The blue flag iris (Iris versicolor) is blooming now around the Nantucket Field Station Pond. These are also known as wild irises, harlequin blueflags, common blue flags, and northern blue flags. Look for them in swamps, marshes, and pond edges; the cranberry bogs are a reliable habitat for these late spring beauties. The Iris versicolor is an example of a rhizomatous plant which means it can reproduce using rhizomes underground. While vegetative reproduction is a convenient way for plants to spread, they may also depend on sexual reproduction. Insects attracted to the sepals (pretty parts) must crawl under the tip of a style and brush past a stigma and stamen, thus facilitating pollination. The combination of the two parents’ DNA creates genetic variation that has been shown to provide plant populations with resilience against predators and disease. I found a wonderful book with the longest title and subtitle (you thought that was a new phenomenon, apparently not!) called “ The Island of Nantucket: What it Was and What It Is, Being a Complete Index and Guide to this Noted Resort, Containing Descriptions of Everything On or About the Island in Regard to Which the Visitor or Resident May Desire Information Including (still going with the subtitle) Its History, People, Agriculture, Botany, Conchology, and Geology with Maps of the Town and Island” compiled by Edward K Godfrey in 1882 on Google books which lists both Iris versicolor and Iris Virginica as found on Nantucket.

They are almost gone but if you look quickly you may still see some lovely pink lady slippers (Cypripedium acaule) around the island. Please don’t pick any of these showy members of the orchid family as they are relatively rare and susceptible to deer browse and overharvesting by people. I recommend visiting this Nantucket Conservation Foundation blog entry to see a picture of this spectacular plant

Frost damage on scrub oak, bayberry and pretty much any other plant that was exposed (including poison ivy, yay!) can be seen in several low “valleys “or depressions around the island. These low spots are call frost pockets and I wrote about them in 2010 ( The frost occurred on the evenings of May 29th and 30th when the low temperature hit 42 and 40 degrees Fahrenheit respectively (average is 50 degrees). You might recall that the frost pockets themselves can be ten degrees cooler which is right at the freezing point. The lower areas off Polpis Road and around the island now show up as big brown patches as the unsuspecting and unprotected leaves of emerging plants were damaged. Hopefully you’ll take advantage of thousands of acres of protected conservation land on island and hike the trails while you look for these low spots.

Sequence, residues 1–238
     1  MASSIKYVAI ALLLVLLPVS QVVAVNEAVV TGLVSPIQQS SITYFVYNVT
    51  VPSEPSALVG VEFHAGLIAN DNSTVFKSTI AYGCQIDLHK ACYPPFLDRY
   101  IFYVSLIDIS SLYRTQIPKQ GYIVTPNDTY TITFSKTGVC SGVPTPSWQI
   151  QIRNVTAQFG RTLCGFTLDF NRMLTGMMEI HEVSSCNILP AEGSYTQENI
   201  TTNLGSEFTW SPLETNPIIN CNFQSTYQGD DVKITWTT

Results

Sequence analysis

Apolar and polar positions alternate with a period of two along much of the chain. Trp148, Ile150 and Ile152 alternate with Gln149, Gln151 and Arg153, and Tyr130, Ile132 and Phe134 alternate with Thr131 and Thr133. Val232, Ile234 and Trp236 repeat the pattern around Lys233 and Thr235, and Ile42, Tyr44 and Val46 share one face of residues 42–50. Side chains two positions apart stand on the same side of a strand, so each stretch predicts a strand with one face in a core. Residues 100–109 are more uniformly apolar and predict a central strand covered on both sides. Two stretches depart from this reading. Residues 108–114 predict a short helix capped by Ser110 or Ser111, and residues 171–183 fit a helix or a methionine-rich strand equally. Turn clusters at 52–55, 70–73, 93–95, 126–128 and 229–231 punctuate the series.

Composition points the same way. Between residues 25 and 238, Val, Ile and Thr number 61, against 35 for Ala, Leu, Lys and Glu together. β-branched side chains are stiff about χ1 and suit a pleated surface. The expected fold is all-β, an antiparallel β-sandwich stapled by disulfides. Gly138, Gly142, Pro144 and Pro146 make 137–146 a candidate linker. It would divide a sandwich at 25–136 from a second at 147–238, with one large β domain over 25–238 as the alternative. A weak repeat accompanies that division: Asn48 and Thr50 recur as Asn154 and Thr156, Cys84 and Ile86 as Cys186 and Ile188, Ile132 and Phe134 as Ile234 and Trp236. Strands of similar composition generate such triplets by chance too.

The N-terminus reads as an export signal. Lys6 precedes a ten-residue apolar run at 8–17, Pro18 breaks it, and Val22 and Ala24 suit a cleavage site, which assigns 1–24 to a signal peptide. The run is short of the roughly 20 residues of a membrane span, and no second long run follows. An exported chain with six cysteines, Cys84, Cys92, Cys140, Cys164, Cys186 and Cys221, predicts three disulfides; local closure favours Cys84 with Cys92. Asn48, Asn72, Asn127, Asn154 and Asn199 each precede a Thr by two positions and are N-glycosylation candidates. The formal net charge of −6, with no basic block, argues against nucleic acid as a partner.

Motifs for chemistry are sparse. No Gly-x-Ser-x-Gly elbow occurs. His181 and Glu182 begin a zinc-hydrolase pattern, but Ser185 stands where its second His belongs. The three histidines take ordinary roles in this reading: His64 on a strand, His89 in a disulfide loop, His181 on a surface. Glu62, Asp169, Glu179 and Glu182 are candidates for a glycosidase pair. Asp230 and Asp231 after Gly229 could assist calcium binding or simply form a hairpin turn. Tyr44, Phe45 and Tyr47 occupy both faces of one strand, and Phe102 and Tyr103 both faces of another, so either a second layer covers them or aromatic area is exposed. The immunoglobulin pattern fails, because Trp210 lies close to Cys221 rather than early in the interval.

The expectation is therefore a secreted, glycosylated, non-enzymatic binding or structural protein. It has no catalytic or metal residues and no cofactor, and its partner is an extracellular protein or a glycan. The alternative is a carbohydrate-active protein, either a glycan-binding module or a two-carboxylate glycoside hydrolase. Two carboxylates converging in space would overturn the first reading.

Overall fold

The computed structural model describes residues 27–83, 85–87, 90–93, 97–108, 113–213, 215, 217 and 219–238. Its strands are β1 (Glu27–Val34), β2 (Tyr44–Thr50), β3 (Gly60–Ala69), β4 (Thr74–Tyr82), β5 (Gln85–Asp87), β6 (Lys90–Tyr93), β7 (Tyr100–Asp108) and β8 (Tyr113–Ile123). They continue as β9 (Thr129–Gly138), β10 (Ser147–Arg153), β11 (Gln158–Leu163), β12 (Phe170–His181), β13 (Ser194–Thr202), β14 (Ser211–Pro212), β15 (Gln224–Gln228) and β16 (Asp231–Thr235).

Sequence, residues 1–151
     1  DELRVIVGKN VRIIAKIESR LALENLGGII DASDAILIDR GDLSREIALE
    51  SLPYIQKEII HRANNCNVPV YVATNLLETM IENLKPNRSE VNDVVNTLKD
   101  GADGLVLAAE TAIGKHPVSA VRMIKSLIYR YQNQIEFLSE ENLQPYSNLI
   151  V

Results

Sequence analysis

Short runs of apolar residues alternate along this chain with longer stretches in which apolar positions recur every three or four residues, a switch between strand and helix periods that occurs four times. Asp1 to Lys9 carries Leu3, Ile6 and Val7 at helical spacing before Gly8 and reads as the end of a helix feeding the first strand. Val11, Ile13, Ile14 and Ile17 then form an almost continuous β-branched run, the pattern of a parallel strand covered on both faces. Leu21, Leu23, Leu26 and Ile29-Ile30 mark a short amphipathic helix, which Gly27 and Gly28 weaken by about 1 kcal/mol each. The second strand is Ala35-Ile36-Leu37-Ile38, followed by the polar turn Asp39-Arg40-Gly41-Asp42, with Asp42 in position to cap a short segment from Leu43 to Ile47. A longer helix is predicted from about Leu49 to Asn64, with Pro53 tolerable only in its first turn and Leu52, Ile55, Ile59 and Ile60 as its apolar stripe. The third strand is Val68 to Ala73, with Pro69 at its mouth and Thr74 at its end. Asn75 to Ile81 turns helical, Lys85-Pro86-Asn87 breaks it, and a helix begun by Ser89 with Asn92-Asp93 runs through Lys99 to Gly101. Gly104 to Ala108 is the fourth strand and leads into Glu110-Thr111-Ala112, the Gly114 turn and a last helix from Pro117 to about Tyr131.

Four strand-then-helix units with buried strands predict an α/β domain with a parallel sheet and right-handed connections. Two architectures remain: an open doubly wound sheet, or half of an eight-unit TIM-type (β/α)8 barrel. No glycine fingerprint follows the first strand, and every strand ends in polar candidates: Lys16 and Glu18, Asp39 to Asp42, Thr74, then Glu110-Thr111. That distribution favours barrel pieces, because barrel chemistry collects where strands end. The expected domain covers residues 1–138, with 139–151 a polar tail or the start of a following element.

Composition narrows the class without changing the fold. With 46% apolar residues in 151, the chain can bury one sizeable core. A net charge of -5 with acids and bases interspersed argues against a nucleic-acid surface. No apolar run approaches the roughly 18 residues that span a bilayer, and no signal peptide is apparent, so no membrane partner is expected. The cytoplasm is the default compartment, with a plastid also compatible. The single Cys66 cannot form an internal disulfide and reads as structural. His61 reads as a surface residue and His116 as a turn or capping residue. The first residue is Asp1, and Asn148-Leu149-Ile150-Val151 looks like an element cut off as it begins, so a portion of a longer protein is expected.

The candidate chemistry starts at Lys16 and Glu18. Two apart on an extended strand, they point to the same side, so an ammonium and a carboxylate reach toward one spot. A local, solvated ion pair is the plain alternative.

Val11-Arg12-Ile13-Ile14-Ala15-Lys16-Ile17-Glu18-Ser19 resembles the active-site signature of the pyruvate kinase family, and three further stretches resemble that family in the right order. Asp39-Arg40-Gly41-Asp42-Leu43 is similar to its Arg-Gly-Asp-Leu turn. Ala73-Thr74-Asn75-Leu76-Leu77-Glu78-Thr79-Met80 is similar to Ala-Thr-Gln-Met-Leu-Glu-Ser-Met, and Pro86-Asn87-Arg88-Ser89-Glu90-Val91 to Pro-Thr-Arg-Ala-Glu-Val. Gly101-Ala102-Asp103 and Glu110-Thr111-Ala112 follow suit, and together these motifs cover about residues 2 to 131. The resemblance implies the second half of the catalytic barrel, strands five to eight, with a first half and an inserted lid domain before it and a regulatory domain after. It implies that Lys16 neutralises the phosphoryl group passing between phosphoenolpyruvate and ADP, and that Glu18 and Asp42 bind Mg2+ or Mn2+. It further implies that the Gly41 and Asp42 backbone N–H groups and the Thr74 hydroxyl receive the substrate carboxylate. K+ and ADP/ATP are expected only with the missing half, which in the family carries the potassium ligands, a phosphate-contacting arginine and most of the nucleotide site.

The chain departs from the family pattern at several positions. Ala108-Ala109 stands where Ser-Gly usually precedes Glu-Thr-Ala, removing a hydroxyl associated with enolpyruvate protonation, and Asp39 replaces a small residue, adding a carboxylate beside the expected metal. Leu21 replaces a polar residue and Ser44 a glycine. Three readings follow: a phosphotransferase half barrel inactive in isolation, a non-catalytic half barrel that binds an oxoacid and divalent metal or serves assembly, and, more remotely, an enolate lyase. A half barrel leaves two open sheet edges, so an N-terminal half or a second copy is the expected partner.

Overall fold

Spotted, painted, and snapping turtles are heading to their nesting spots this week, so please keep an eye out for them on the road. On June 7th I came across 4 painted turtles crossing paths on the Land Bank Stump Pond trails and “scurrying” across Polpis Road. I last wrote about these cute little guys back on June 14, 2012, so they are right on time (

Also in the news are the arrival about a month ago of the horseshoe crabs which come up during May and June to breed. Look for them in Madaket and at the Creeks and around Coskata and other areas around the harbors. We are continuing the fifth year of horseshoe crab monitoring as are citizen science groups led by the Maria Mitchell Association and the Nantucket Conservation Foundation. I have written about these prehistoric creatures several times and you can find out more about them here and

And of course it is mosquito season and we have had a few impressive rains bookended by relatively long dry spells and high tides, so it should be an interesting season. Past mosquito articles including ways to avoid their annoying bites can be found at and The Town of Nantucket has hired a professional company, Vector Disease ControI International ( with trained entomologists (bug gurus) who are researching, monitoring, and treating island mosquitoes using safer biological controls. We will host a mosquito talk by Emily Hibbard, our on-island VDCI expert at the Field Station in a few weeks and I hope you’ll come join us. The Nantucket Field Station is also providing lab space to VDCI. AS you read these columns if you like to know more about a topic or would like me to cover something different, feel free to send me an email at

Articles by Date from 2012